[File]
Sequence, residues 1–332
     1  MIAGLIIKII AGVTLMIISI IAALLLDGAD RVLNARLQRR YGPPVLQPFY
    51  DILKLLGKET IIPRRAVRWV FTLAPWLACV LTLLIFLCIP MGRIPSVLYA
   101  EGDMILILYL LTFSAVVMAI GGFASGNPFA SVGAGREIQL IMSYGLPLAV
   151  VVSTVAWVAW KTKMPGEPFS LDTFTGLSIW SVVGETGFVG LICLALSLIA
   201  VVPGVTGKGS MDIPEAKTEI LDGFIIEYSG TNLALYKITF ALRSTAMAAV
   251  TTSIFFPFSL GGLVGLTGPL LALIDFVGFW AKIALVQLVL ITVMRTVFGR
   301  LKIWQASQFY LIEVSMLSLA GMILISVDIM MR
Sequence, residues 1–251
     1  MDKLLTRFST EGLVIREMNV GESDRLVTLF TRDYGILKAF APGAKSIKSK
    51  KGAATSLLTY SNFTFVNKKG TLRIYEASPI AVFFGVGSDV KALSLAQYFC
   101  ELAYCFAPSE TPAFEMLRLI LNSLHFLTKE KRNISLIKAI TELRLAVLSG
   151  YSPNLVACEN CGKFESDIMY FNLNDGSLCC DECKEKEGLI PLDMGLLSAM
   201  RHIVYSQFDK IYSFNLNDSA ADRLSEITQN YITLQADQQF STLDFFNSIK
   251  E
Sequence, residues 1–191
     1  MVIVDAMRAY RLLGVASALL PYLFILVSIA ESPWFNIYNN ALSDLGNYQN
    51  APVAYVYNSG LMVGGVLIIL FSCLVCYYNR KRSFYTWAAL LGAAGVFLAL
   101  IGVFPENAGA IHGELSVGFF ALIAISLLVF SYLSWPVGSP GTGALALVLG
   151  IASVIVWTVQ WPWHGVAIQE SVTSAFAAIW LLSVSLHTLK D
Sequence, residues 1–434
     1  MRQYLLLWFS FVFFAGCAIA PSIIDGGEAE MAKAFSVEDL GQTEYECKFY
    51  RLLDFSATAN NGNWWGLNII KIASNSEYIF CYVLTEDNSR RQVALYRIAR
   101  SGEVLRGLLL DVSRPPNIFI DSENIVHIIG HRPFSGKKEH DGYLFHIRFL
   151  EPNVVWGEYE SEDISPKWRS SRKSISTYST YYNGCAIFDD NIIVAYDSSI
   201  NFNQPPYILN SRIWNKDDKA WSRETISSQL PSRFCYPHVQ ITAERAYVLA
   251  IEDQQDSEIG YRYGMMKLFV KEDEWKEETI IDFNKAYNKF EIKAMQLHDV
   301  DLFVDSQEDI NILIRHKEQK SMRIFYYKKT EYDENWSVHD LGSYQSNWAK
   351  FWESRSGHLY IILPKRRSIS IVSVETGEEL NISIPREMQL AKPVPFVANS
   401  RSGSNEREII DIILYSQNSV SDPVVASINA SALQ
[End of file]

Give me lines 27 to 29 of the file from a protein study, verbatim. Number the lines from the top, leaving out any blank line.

   251  IEDQQDSEIG YRYGMMKLFV KEDEWKEETI IDFNKAYNKF EIKAMQLHDV
   301  DLFVDSQEDI NILIRHKEQK SMRIFYYKKT EYDENWSVHD LGSYQSNWAK
   351  FWESRSGHLY IILPKRRSIS IVSVETGEEL NISIPREMQL AKPVPFVANS